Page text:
What is the purpose of money in a world facing so much social and environmental distress? Why can’t we channel a big chunk of that money toward the investments necessary to avoid what is categorically a worsening environmental default?Paula DiPerna
What breakthroughs need to happen for us to both avoid the worst impacts of climate change and prepare communities to adapt to the new challenges that will arise?
We need to publicize financial solutions; we have an investment shortfall to address. For example, the Forest Resilience Bond – a pilot project launched in California – offers a realistic and potentially scalable answer to wildfires. It enables capital to come in early to be applied to what the forest needs most, which is resilience building. This means hiring enough people to clear out growth, strengthen firebreaks, and prepare for the reality that climate change is going to make everything drier. The Forest Resilience Bond brings together differentiated sectors – insurance, hydropower, forest products – around a financial tool that securitizes risk. It treats forests as infrastructure and funds them as such.
There’s also coral reef insurance. 50% of the world’s coral reefs are already lifeless, and are going to stay dead because it is so difficult to fight rising sea temperatures. But what about the 50% that still have a chance? Coral reef insurance funds amazing reef services, putting trained divers into the sea after raging storms to try to put Humpty Dumpty back together again by hand. In the meantime, in laboratories worldwide there’s significant ongoing research to develop coral that is more resilient to climate change.
In addition to these new financial approaches, there is ESG [environmental, social, and corporate governance], which is vital but slowed by headwinds, like suspicion over greenwashing. But the reality is there is no perfection in any system. What would you rather have: all the trillions of dollars in the world going the wrong way, or redirecting some of those funds the right way?
We need to set aside the hope of perfection and work with the forces at hand. I’m not an apologist for capitalism – chasing profit for its own sake has caused much of the environmental degradation we now face – but Pricing the Priceless is about reinventing capitalism. If you have your profit going up and your cost to nature going down, that’s cherries all across. That’s the jackpot.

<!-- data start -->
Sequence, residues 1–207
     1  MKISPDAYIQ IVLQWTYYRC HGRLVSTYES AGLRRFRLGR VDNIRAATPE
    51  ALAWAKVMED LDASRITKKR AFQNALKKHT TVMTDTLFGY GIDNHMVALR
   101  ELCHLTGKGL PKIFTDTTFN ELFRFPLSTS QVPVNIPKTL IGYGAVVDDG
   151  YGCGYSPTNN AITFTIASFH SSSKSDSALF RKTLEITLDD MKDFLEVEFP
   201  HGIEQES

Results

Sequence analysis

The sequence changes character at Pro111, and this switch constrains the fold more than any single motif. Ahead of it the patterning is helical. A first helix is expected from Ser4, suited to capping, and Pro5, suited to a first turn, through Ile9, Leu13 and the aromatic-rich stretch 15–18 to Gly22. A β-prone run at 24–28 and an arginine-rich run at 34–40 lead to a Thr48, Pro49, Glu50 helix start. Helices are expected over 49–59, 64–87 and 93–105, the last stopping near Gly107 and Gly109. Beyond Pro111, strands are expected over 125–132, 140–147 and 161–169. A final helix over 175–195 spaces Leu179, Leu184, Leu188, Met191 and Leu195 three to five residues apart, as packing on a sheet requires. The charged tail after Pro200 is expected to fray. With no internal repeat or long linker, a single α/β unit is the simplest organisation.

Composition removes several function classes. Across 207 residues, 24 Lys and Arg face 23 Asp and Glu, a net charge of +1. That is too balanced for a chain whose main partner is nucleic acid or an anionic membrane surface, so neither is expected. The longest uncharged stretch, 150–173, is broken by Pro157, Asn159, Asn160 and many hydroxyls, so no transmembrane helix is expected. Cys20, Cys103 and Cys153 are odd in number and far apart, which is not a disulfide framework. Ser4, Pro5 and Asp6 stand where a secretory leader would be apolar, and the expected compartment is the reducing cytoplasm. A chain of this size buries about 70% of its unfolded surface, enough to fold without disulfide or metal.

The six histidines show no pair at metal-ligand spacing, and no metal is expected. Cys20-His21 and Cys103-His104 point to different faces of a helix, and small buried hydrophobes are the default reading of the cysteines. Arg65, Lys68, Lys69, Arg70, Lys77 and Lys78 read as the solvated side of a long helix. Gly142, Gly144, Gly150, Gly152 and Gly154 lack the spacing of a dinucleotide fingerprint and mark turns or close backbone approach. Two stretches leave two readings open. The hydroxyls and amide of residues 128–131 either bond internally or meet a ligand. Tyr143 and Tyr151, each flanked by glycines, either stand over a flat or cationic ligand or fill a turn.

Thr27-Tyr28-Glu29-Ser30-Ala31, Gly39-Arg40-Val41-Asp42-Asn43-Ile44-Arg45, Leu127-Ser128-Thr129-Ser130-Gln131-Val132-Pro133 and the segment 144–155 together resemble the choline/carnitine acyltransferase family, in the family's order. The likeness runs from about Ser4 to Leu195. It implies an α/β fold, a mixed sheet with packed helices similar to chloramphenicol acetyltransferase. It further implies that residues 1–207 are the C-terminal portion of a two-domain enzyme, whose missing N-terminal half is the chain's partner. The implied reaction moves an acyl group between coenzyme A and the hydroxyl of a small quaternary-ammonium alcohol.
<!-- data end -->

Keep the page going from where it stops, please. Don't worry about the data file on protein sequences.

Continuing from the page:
What would you rather have: all the trillions of dollars in the world going the wrong way, or redirecting some of those funds the right way? We need to set aside the hope of perfection and work with the forces at hand.Paula DiPerna
What keeps you up at night about achieving these goals? What makes you optimistic?
I’m pessimistic about the decline in leadership, the absence of consistent policy, and the incoherence of action. Something I learned from Cousteau is that most people protect what they love, and not much more. He said, “If all this depends on sacrifice, you can forget it.” And we have been sold the story of sacrifice.
But I’m hopeful about the next generation of wealth transfer, which will capture an attitudinal change. I could add a fourth force in addition to science, capital, and policy: intergenerational responsibility. This has to come into alignment as well. By this I don’t mean youth, necessarily, but new thinking. The other positive is that there are phenomenal technologies out there that we can tap into, if we can get them to scale. We need to focus on breakthrough applications – like hydrogen fuel cells – that are still looking for financial investment.
For the moment, science and capital are running ahead of climate policy globally. One way for policy to catch up and really unlock change would be an accelerated push for a global integrated carbon price, based on mandatory emission reduction targets. When you price carbon, you’re not pricing nature, per se: you’re pricing the scarcity and the preciousness of the 60 miles above us – that’s all that is protecting us from solar heat. If we can robustly price the value of atmospheric scarcity – and realize it didn’t cause a metaphysical collapse – we can be comfortable with other forms of pricing natural assets. An international carbon price would be the linchpin that I would certainly pull – it’s very doable.
For more on Pricing the Priceless, watch Paula discuss the book with Amanpour & Company on PBS, or read about the book’s connection to the Bellagio Center in the Bellagio Library. Pricing the Priceless has been selected as one of the Best Summer Books of 2023: Economics in the Financial Times.